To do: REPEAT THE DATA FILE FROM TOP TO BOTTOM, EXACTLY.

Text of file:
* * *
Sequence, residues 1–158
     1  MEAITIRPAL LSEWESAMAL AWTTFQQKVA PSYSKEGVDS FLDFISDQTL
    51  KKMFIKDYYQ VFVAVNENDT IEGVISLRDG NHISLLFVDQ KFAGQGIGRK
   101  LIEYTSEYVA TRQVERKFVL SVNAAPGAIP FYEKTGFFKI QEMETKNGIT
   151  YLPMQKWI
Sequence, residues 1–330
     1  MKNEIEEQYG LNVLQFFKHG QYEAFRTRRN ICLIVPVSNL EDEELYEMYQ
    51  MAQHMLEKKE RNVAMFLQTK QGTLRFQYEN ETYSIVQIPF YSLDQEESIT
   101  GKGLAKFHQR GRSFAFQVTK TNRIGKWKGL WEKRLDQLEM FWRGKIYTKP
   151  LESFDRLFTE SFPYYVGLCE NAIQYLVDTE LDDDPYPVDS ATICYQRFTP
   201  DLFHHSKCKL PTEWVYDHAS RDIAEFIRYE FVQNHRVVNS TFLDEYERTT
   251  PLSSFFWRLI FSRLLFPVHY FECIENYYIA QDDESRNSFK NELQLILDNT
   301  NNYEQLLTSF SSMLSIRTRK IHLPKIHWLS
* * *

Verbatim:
Sequence, residues 1–158
     1  MEAITIRPAL LSEWESAMAL AWTTFQQKVA PSYSKEGVDS FLDFISDQTL
    51  KKMFIKDYYQ VFVAVNENDT IEGVISLRDG NHISLLFVDQ KFAGQGIGRK
   101  LIEYTSEYVA TRQVERKFVL SVNAAPGAIP FYEKTGFFKI QEMETKNGIT
   151  YLPMQKWI
Sequence, residues 1–330
     1  MKNEIEEQYG LNVLQFFKHG QYEAFRTRRN ICLIVPVSNL EDEELYEMYQ
    51  MAQHMLEKKE RNVAMFLQTK QGTLRFQYEN ETYSIVQIPF YSLDQEESIT
   101  GKGLAKFHQR GRSFAFQVTK TNRIGKWKGL WEKRLDQLEM FWRGKIYTKP
   151  LESFDRLFTE SFPYYVGLCE NAIQYLVDTE LDDDPYPVDS ATICYQRFTP
   201  DLFHHSKCKL PTEWVYDHAS RDIAEFIRYE FVQNHRVVNS TFLDEYERTT
   251  PLSSFFWRLI FSRLLFPVHY FECIENYYIA QDDESRNSFK NELQLILDNT
   301  NNYEQLLTSF SSMLSIRTRK IHLPKIHWLS